'In honour of God and of Saint Cuthbert'
Island has a very special place in history as the birthplace of
the Lindisfarne Gospels, among the most celebrated illuminated
books in the world.
to an inscription added in the 10th century at the end of the
original text, the manuscript was made in honour of God and of
St. Cuthbert by Eadfrith, Bishop of Lindisfarne, who died in
played a major part in establishing Cuthbert's cult after his
relics had been raised to the altar of the monastery church on
20th March, 698, the eleventh anniversary of his death. The
Gospels may have been made in honour of that event.
book's original leather binding was provided by Ethelwald, who
followed Eadfrith as bishop and died about 740. He had been
associated with Cuthbert in his lifetime. An outer covering of
gold, silver and gemstones was added by Billfrith the Anchorite,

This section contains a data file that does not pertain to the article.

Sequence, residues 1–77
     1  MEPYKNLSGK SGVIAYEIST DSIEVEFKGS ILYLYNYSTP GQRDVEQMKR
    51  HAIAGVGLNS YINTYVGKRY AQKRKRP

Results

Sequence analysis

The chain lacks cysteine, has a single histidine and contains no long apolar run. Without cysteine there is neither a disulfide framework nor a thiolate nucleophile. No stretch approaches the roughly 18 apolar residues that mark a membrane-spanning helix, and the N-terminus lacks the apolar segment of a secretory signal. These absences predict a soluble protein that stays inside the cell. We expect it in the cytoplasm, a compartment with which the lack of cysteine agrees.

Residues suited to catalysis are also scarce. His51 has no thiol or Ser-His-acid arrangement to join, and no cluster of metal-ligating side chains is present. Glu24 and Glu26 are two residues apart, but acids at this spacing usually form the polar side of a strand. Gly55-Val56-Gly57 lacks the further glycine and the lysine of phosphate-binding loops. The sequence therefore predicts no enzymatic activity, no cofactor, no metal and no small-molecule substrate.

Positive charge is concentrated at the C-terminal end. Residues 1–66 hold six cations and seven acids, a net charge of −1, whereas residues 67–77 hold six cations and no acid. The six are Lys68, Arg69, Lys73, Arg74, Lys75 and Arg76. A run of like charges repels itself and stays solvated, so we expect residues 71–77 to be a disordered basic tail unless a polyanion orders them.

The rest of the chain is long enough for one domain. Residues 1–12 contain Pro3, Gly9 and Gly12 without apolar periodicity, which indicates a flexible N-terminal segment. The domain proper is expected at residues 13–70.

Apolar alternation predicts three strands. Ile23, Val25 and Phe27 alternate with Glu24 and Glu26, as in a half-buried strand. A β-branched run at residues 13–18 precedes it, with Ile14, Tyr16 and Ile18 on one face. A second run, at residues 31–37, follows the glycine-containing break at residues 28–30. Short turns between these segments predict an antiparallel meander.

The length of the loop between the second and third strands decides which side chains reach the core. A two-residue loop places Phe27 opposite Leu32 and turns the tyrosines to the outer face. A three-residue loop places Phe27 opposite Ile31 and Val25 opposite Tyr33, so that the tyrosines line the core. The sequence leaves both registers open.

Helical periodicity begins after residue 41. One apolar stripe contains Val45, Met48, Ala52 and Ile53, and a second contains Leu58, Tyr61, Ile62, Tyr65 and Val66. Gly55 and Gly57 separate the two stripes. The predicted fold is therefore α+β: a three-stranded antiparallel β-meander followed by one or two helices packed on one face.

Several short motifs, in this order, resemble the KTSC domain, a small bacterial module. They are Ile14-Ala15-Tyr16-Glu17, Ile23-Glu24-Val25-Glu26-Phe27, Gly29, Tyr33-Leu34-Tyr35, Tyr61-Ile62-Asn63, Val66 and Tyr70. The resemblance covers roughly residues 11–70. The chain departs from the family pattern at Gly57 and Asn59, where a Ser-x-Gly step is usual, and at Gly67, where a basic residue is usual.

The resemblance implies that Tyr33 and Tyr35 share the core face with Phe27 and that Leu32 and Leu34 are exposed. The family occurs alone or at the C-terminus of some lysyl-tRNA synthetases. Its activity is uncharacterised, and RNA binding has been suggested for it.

probably about the middle of the 8th century.
covers have long since vanished but the manuscript itself has
survived the thirteen centuries associated with Cuthbert's relics
at Durham during the Middle Ages and preserved from destruction
after the Reformation through the scholarly interest of Tudor
Lindisfarne Gospels is now part of the collection of Sir Robert
Cotton, (d. 1631), in the British Library in London, where it is
seen by visitors from all over the world.
We are indebted to the late Janet Backhouse who supplied the text for our Gospel Page and gave
permission to use the images in her book "The Lindisfarne Gospels" published in association
with The British Library by Phaidon, Oxford - ISBN 0 7148 2148 9.